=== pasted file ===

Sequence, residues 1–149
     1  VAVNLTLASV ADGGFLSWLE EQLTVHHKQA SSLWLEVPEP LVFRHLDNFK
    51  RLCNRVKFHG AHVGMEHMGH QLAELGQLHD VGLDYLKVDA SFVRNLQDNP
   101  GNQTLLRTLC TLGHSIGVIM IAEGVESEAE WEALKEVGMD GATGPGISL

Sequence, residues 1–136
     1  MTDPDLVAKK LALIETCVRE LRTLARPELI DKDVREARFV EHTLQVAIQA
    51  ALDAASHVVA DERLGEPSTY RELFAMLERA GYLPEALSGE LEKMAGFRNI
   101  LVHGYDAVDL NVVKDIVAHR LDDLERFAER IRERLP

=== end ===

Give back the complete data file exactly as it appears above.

Sequence, residues 1–149
     1  VAVNLTLASV ADGGFLSWLE EQLTVHHKQA SSLWLEVPEP LVFRHLDNFK
    51  RLCNRVKFHG AHVGMEHMGH QLAELGQLHD VGLDYLKVDA SFVRNLQDNP
   101  GNQTLLRTLC TLGHSIGVIM IAEGVESEAE WEALKEVGMD GATGPGISL

Sequence, residues 1–136
     1  MTDPDLVAKK LALIETCVRE LRTLARPELI DKDVREARFV EHTLQVAIQA
    51  ALDAASHVVA DERLGEPSTY RELFAMLERA GYLPEALSGE LEKMAGFRNI
   101  LVHGYDAVDL NVVKDIVAHR LDDLERFAER IRERLP